April 14, 2016 -- The Boston College Law School annual scholarship dinner, held at the Taj Boston. Photographed for Boston College by Caitlin Cunningham (www.caitlincunningham.com).

Summer 2016

My Resilient Career

From prosecuting death penalty cases in Texas to a string of high-level executive posts at a major insurance company, with a detour into the world of art dealing, Elizabeth Martin has taken some surprising turns in her career.

“You never know what’s going to happen—your best laid plans are often foiled in life,” said Martin, a straight-talking Texan who was recently named to the Dean’s Advisory Board for BC Law.

Now twenty years sober, she talks frankly about the alcoholism that dogged her after law school, and the life-saving support she received from the Lawyers Helping Lawyers hotline in Austin, Texas. “Within ten minutes, a judge I argued in front of showed up at my office and took my ass to an AA meeting, and I never looked back,” she said.

Four years out of law school, Martin was an Assistant Attorney General in the Office of the Texas Attorney General, representing the state in federal court litigation arising from challenges by death row inmates to their convictions and sentences.

“I was arguing and writing briefs to the Supreme Court—you couldn’t ask for anything more interesting,” said Martin.

Torn between professional duty and her belief that [executed murderer Karla Fay] Tucker had reformed in prison and deserved mercy, Martin resigned her post, bought a truck, and drove to Santa Fe, New Mexico, swearing never to practice law again.

But she faced an ethical quandary in a state which at the time had no public defender’s office and in which the only sentencing options for convicted murderers were life with parole or death. She was on the team of lawyers arguing the state’s case for the execution of Karla Faye Tucker. When her execution for murder in February 1998 made national headlines, Martin received death threats and was censured by the Catholic Church for her role. Torn between professional duty and her belief that Tucker had reformed in prison and deserved mercy, Martin resigned her post, bought a truck, and drove to Santa Fe, New Mexico, swearing never to practice law again.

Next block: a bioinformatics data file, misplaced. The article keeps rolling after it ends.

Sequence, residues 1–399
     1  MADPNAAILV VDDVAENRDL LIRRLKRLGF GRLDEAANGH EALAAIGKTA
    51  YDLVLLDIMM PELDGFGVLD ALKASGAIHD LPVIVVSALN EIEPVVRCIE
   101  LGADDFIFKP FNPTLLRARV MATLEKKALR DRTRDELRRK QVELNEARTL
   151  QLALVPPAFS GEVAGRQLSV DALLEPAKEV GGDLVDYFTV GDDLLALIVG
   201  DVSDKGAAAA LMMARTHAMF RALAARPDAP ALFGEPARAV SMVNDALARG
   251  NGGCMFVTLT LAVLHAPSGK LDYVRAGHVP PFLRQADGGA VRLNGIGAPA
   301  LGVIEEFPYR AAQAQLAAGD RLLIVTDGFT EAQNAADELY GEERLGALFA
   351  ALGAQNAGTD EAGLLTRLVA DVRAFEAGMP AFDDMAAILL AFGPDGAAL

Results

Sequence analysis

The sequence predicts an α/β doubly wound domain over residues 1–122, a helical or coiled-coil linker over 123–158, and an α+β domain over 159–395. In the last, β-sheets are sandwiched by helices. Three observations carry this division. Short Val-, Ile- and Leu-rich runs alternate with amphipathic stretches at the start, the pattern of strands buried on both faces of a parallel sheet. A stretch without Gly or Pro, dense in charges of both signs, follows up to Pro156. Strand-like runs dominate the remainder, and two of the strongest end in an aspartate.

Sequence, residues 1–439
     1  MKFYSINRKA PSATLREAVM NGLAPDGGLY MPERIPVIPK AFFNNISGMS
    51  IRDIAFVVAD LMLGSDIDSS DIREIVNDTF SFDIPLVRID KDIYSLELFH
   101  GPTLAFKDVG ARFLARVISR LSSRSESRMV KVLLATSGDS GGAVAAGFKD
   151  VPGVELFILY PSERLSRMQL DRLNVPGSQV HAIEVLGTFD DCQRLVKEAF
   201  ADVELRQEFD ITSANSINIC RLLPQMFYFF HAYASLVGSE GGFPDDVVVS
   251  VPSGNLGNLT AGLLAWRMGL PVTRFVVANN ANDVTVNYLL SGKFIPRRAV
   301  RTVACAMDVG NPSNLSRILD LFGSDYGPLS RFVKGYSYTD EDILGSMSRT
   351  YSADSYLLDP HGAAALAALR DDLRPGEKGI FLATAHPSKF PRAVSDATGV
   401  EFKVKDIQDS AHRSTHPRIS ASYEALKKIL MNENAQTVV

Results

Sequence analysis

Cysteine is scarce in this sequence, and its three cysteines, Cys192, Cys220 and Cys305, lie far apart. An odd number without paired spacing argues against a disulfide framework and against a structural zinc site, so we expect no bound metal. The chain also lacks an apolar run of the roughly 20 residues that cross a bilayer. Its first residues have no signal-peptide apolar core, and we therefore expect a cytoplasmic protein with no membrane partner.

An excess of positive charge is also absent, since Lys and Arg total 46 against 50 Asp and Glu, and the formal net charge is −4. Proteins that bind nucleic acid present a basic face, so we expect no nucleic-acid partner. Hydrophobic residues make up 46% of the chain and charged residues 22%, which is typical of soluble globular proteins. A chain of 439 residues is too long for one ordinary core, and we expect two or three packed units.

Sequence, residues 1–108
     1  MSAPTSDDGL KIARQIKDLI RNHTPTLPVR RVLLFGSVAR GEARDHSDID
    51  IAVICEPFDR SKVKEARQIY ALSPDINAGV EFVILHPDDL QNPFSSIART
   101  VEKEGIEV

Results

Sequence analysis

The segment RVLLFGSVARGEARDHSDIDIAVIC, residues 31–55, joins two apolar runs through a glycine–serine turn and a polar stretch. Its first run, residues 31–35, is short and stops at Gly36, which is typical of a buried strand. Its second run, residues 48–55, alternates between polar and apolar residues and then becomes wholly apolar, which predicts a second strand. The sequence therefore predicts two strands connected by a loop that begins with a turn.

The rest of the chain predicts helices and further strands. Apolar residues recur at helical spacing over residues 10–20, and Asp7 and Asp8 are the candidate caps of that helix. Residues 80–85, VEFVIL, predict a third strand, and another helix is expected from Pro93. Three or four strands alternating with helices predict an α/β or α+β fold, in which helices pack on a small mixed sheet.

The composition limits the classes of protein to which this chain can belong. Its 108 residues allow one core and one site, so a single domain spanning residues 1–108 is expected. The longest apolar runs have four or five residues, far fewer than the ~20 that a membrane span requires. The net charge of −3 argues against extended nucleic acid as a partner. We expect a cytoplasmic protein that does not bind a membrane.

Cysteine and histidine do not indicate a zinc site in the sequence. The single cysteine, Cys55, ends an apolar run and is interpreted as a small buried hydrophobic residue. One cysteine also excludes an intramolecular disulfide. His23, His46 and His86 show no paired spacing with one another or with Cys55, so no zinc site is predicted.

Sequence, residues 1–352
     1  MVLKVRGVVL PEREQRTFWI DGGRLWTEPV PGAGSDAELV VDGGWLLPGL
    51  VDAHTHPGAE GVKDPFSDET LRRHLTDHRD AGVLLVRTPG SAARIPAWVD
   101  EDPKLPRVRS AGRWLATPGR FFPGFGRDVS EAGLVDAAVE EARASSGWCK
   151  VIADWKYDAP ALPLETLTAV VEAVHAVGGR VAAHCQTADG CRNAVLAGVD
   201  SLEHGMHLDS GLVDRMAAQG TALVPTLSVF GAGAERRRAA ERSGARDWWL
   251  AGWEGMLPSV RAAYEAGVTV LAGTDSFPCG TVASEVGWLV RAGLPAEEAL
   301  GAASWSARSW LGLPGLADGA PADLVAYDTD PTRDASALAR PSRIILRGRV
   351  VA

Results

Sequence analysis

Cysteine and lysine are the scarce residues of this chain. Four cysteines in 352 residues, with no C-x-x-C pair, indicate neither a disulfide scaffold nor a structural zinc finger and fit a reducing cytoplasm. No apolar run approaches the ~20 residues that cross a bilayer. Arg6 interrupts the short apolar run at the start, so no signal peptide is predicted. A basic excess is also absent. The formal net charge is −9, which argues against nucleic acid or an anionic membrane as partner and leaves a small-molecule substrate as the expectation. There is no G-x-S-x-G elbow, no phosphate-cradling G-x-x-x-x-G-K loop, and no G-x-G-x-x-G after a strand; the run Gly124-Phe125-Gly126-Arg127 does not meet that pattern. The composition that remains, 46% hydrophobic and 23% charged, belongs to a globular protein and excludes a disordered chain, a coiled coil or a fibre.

Tucker’s case affected Martin profoundly. In 1983, in a drug-induced frenzy, Tucker had murdered her ex-boyfriend and his current girlfriend with a pickax. “She didn’t claim innocence. She didn’t even claim an unfair trial. Her only claim was that she was entitled to mercy,” said Martin, who saw in Tucker’s brokenness a reflection of her own struggles with alcoholism. “I was white, privileged, educated, and lucky,” she reflected, “and when I reached out, someone was there to grab my hand and extend the lifeline.” But nobody was there to help Karla Faye Tucker and so many other defendants Martin saw in desperate need of treatment and services.

In Santa Fe, Martin found refuge in the art world, familiar from childhood in an artistic family. While running a contemporary art gallery, co-owning an art shop, and ultimately serving as executive director of the Santa Fe Center for Contemporary Arts, she encountered many artists. Learning about their legal problems prompted her to get licensed and launch a private practice representing clients from across the spectrum of the arts and philanthropy.

That new life was derailed in 2002, when Martin suffered a brain aneurysm while exercising on a treadmill. “It was a hard climb back—two years. I was brain injured, and I had to appeal my insurance company eighteen times,” she recalled. Vowing that nobody should have to fight so hard for essential health care, after recovery she started volunteer work as an advocate for people with mental illness and substance abuse issues. Her name came to the attention of insurance giant United Health Care, then looking to invest $23 million in supportive housing in New Mexico.

“I’m a nonprofit advocate, I’m a card-carrying member of the ACLU, I’m about as liberal as you can get, with a conservative company knocking on my door,” said Martin. After several refusals, she answered the knock, structured the housing deal, and started a ten-year progression through United’s Optum companies, first as CEO of the New Mexico program, and then as national Vice President of Program & Network Integrity, charged with rooting out waste and fraud in health care initiatives serving around 60 million people in 39 states. “I did not choose health care, it chose me,” said Martin, whose passion for delivering “the right care at the right time in the right place” is fueled by her own hard-won personal and professional battles.

Martin’s latest move, in December 2015, has taken her operational experience into the policy arena, as a vice president at the Washington, DC, health and human services consulting firm The Lewin Group, another Optum company that acts as consultant to the federal government and several states.

“The public sector is a place of incredible need,” said Martin, and she sees her new role as a chance to drive positive change on an even larger scale by advising on “policy and innovative ideas that start with government endorsement and funding.”

Photo: Elizabeth Martin, whose career moves have been inspired by injustices, moved into the health care field after it took eighteen appeals for her insurance company to honor her claim for a brain aneurysm she suffered.

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